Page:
ONE CANNOT but congratulate this newspaper for highlighting the prevailing VIP culture (Bhopal Live, 14/9) in the local administration at various levels, including civic authorities. The expose’ had to be done someday by somebody; and, it is good that this newspaper, like the Good Samaritan it has always been for the locals, has taken the lead.
Things, indeed, are seen to be going from bad to worse. Resources, which are always scarce, are being used up for the benefit of the few, with a vast majority of people in the town denied even basic civic facilities.
The report rightly picked on Char Imli, a highly pampered area as it happens to be the habitat of the high and the mighty. Not only its roads are laid and re-laid over and over again, it has been favoured with extensive parks, ponds and what-have-you.
Its greenery is enviable; in comparison, some parts of even New Bhopal appear arid and the old City, of course, seems like a close-second to the Thar.
Likewise, the stretch between Chief Minister’s house and the Governor’s House is another of those roads, which is repeatedly laid and re-laid. There is, reportedly, always a scramble amongst contractors to corner the work for this stretch as specifications are optimal yet repeated carpeting does not demand adherence to them.
Nevertheless, despite its gradients, it remained undamaged even after the recent unprecedented heavy rains, while the road joining it from in front of the Polytechnic is in a shambles. Evidently, our road-builders can, if they want to, build roads that can withstand heaviest of rains, but, only if, yes, only if, they have fear of an uncompromised and/or uncompromising controlling organisation.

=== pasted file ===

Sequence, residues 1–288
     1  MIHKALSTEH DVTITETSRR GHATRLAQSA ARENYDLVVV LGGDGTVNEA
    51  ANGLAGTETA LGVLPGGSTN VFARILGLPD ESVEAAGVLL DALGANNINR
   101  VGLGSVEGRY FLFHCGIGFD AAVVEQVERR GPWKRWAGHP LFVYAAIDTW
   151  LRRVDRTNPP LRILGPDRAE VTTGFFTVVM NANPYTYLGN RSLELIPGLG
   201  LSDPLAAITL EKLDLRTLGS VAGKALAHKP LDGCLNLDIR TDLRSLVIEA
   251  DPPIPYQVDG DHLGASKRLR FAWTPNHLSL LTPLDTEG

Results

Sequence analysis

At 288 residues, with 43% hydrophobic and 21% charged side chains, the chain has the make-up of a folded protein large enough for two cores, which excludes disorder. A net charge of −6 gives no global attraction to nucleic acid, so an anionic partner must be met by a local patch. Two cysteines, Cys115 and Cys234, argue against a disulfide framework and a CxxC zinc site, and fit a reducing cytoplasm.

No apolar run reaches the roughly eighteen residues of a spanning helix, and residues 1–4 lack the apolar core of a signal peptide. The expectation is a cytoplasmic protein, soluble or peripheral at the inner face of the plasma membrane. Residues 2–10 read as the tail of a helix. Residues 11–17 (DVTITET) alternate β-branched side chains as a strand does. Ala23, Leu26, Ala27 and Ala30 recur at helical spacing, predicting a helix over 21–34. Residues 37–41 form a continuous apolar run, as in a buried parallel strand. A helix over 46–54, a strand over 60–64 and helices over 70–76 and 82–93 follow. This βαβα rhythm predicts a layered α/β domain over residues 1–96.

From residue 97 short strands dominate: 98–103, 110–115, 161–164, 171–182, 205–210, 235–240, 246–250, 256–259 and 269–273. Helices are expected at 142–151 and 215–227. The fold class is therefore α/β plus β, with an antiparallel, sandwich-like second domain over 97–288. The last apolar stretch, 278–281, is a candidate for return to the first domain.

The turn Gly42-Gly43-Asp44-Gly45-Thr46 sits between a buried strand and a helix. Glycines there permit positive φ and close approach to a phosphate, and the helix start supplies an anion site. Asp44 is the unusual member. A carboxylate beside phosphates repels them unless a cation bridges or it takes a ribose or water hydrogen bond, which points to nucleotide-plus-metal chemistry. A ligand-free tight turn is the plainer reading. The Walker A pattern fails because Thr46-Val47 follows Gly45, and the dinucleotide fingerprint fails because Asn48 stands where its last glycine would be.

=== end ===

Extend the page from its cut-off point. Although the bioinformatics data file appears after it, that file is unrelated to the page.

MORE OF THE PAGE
Then, only on this road, to the exclusion of all others in the town, one finds road-indications put up by the PWD from the Raj Bhawan down to the Chief Minister’s house. For the PWD this, apparently, is the only road that matters. While the chauffer-driven local biggies rolling by in cavalcades of assorted vehicles hardly ever notice them, elsewhere visitors to the town cannot get anywhere without asking for directions.
Again, the sidewalks around the Governor’s house that are least trod on have been paved, whereas lakhs are made to plod everyday down the rough and unpaved sidewalks of Hamidia Road.
Further up, around the MLAs Hostel, it is a different world. Spic and span, not a shred of garbage anywhere, the roads licked clean, well-maintained parks, the works –the very antithesis of the well-known hallmarks of the town!
One wouldn’t have grudged all these thoughtful ministrations of the authorities concerned only if they had bestowed the same care and attention to other parts of the town where the ‘un-privileged’ – taxpayers, nonetheless – live out their life.
Every public institution is sucking up to the VIPs for their fear or favour. Even the traffic police, leaving the chaotic traffic in the City to Heavenly mercy, take care only of the VIPs.
The municipality makes its employees to work gratis at their residences. One could go on and on recounting such instances involving gross inequitable deployment of civic and other resources in favour of those who have already extracted maximum personal benefits out of the exchequer.
Clearly, the “Servants of the people” are lording over their masters! A stage has now come when the system needs to be purged of its VIP syndrome. Using the RTI, public spirited individuals and organisations should expose the deviance in every case of perceived iniquitous allocation of resources or delivery of services.